Last few things I need to do is get a couple therms for grate level temps, make a rack to stack in more ribs, and get some aluminum pans for drippings.

 

Itching to try some ribs, but prior commitments will delay that till next weekend.  More to come...

post #2 of 8
Thread Starter 

Well, couldn't wait till next weekend, so fired it up this afternoon for some baby backs.  :icon_smile:

 

Overall, didn't go too bad for the first run.  I didn't get the grate level thermometers in yet and tried running it off the factory gauge in the lid.  I checked it in boiling water and it was pretty close.  Took a peek about an hour in and realized the temp in the top of the CC with the gauge was running much hotter than the grate level temp.  So, grabbed an oven thermometer and stuck it on the grate.  Was able to get the grates up to 225 after another hour or so of messing around.

 

Temp control was also difficult to get the hang of.  I had good, dry oak, but every time I'd add wood there would be a significant temperature drop until the wood heated up and started burning well.  So, I was constantly chasing my tail, but tended to be on the low side of 225.  I tried running with the SFB damper pretty much open to get a clean burn, but that meant limiting fuel and constantly adding more.  Is that how it's typically done, or do people add a bunch of fuel and choke off the damper? 

 

I also think I'm losing a lot of heat through the deflector and right out the stack.  It's pretty light weight steel, so I may need to add a second layer to try and get more heat down the length of the CC.

 

All that being said, I can't complain about the results.  It took 6.5 hours and they weren't nearly as tender as I'd like to see, but can't complain at all on the flavor.  Had a real nice penetration on the smoke.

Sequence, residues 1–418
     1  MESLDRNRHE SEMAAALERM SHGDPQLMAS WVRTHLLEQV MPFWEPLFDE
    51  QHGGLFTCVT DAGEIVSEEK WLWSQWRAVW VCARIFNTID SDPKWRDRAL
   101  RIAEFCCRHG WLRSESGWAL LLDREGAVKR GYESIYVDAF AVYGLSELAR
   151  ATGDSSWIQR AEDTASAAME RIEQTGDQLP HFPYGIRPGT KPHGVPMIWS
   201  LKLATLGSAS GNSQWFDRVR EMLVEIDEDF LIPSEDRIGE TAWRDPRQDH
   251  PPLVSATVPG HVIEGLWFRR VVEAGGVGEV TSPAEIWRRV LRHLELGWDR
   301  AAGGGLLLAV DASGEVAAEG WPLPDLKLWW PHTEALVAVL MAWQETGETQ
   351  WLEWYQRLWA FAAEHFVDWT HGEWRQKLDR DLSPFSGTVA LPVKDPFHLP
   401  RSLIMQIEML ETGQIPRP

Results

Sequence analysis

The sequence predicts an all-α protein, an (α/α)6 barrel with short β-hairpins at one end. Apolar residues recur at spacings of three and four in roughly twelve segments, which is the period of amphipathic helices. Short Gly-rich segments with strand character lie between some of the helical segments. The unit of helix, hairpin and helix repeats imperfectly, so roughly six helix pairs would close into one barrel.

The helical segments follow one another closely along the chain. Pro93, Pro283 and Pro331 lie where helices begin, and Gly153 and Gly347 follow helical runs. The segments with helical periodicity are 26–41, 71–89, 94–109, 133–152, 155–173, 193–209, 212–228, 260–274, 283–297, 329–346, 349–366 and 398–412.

Next go around, I'll be pre-burning and adding coals with the occasional piece of un-burnt wood for smoke.  Hopefully, that will help with the temperature fluctuations.

post #3 of 8

I'd loose the rocks     You may have to play with it a bit, as for as the RF plate thicker is better I know your smoker is probably made from gauge material so try going with at least 1/8 plate  3/16 or 1/4 would be better

 

Gary

post #4 of 8
Thread Starter 

Thanks Gary.  Think the rocks are restricting air flow too much?

 

I do have 3/16" for the baffle plate.  Got it for $20 at the local shop, so I might go back and get the 1/4".

post #5 of 8

Meat looks great! :drool

post #6 of 8
Quote:
Originally Posted by HeiHei29er View Post
 

Thanks Gary.  Think the rocks are restricting air flow too much?

 

I do have 3/16" for the baffle plate.  Got it for $20 at the local shop, so I might go back and get the 1/4".

 

If you already have the 3/16"  give it a try probably be fine

 

Gary

post #7 of 8
Quote:
Originally Posted by HeiHei29er View Post

.... I tried running with the SFB damper pretty much open to get a clean burn, but that meant limiting fuel and constantly adding more.  Is that how it's typically done, or do people add a bunch of fuel and choke off the damper?

That is pretty much how it is done. You just need to learn the smoker and see how much fuel it will take. Make sure to get a good bed of coals established.
Don't load it up with fuel then choke it off with the damper; that leads to bad smoke.

post #8 of 8
Thread Starter 
Quote:
Originally Posted by LenDecaturAL View Post
 

Meat looks great! :drool

Thank you Len.  Flavor was great!

 

 

Quote:
Originally Posted by SmokeJumper View Post
 

That is pretty much how it is done. You just need to learn the smoker and see how much fuel it will take. Make sure to get a good bed of coals established.
Don't load it up with fuel then choke it off with the damper; that leads to bad smoke.

Thanks for the response and advice.  My coals were pretty weak.  I'll warm it up longer next go around and have a good bed ready for the first wood chunk.